Trapeze artists might be some of the bravest people in the world, but they're also among the most vulnerable. Tremendous trust—in themselves, other people, and the universe—is necessary to be able to climb up a 25-foot ladder, grab onto a thin bar, and jump.
Relationships have always been my trapeze bars.
When I started dating at age 13, I approached relationships completely unaware that I could and would fall—and with faith that, if I did, the net below would catch me. I put all of my trust in the boys I gave my heart to, and was blindsided again and again when, despite my total devotion, they didn't love me the way I deserved to be loved.
And it wasn't just men. Fair-weather friends also disillusioned me. I didn't truly understand that being a devoted friend or girlfriend didn't guarantee that others would act in kind. Instead of becoming hip to the ways of people who would mistreat me and avoiding them accordingly, I retreated into myself and tried unsuccessfully to block out potential sources of pain.
The cracks in my ability to trust men, and people in general, multiplied as the years passed. By the time I was in my early twenties, I had shacked up with a manipulative man who tamped down my spirit enough to put me—and keep me—in a metaphorical cage. He'd become a complete psychopath by the time we finally split, and I was so scared of him and traumatized by the experience that, after all was said and done, I was simply unable to trust people.
Of course, this experience was the furthest thing from my mind on the morning I decided to take a flying trapeze lesson earlier this year. I guess I had watched Peter Pan a few too many times as a kid and delighted as Peter, Tink and the children took to the sky singing, "We can flyyy!" It was my number one dream in life to be able to do the same. I'd dreamed of flying all the time. It seemed, to my small self, to be the ultimate joy ride.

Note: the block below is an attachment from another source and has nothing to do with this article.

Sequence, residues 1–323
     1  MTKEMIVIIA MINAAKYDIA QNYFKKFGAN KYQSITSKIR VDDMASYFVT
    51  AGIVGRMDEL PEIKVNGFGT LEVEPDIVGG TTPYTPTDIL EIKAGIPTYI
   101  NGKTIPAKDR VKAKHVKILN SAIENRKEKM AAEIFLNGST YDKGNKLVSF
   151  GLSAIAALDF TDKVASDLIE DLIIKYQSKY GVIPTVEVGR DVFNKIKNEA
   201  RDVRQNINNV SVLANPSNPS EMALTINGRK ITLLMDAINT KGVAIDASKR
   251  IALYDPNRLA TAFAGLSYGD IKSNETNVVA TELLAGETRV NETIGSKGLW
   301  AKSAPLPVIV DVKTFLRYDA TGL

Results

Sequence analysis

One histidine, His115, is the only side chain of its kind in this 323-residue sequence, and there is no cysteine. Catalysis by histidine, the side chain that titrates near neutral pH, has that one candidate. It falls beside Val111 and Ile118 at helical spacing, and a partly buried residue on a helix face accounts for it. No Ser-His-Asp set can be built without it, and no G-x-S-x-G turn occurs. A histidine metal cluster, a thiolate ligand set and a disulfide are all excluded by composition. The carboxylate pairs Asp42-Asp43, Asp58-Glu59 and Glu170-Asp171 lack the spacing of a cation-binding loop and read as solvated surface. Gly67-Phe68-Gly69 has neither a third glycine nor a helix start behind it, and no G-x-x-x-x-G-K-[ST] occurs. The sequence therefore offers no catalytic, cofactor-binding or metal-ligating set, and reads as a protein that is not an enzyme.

Since my gravity-defying reveries had always been so blissful, I'd assumed that the flying trapeze would be an expertise bestowed upon me by some divine winged being of the sky. I'd pictured myself soaring gracefully like the trapeze artists I'd seen at the circus, leaping off the ledge and gliding effortlessly through the air with my legs folded over the trapeze bar and my arms extended out.
Unfortunately, but not surprisingly, I was far from the angelic fairy of my imagination. As I stood high atop the very high platform at the Trapeze School of New York City, searching the Manhattan skyline for the Chrysler building, my stomach seized. My toes dangled over the ledge and I felt small and nauseous. The kind instructor held onto my waist harness, as she had done in our mock ground trapeze lesson. She told me to bend my legs and lean forward to grab the trapeze bar. But all I wanted to do was lean back, away from the drop. I bit my lip and looked back at her.
"I'm scared," I confessed. "Don't overthink it," she replied.
Don't overthink the fact that I just climbed a rickety 25-foot ladder and am now shaking like a frightened calf in a slaughterhouse neck brace? Not likely, friend. I examined the mesh net below as my brain kicked into panic mode: Does that net even work? What if I fall through? Or what if I hit a pole on the way down and break my back? The hospital bills are going to bankrupt me.
I tried to get to a Zen place, but no amount of yogic breathing or positive thinking could calm me. I was failing myself because I couldn't trust anyone or anything that was happening. In that moment, the same powerless feeling I'd experienced from my manipulative ex began to wash over me.
I reached for the heavy bar, nearly toppling off the ledge in the process. I wanted to cry, but I refused to. Finally, success! I caught the bar. I immediately froze, wobbled and leaned back.
"Bend your knees!" yelled the instructor.
Fear was consuming me, and she was losing her patience. I needed to get over the emotional shit storm that had engulfed me and get it together or else I would have to climb back down the very high, rickety ladder. The thought alone made me want to hurl. I imagined knocking myself out with the trapeze bar. Despite the fear, I took a deep breath, closed my eyes, and jumped off the ledge. Keep reading...
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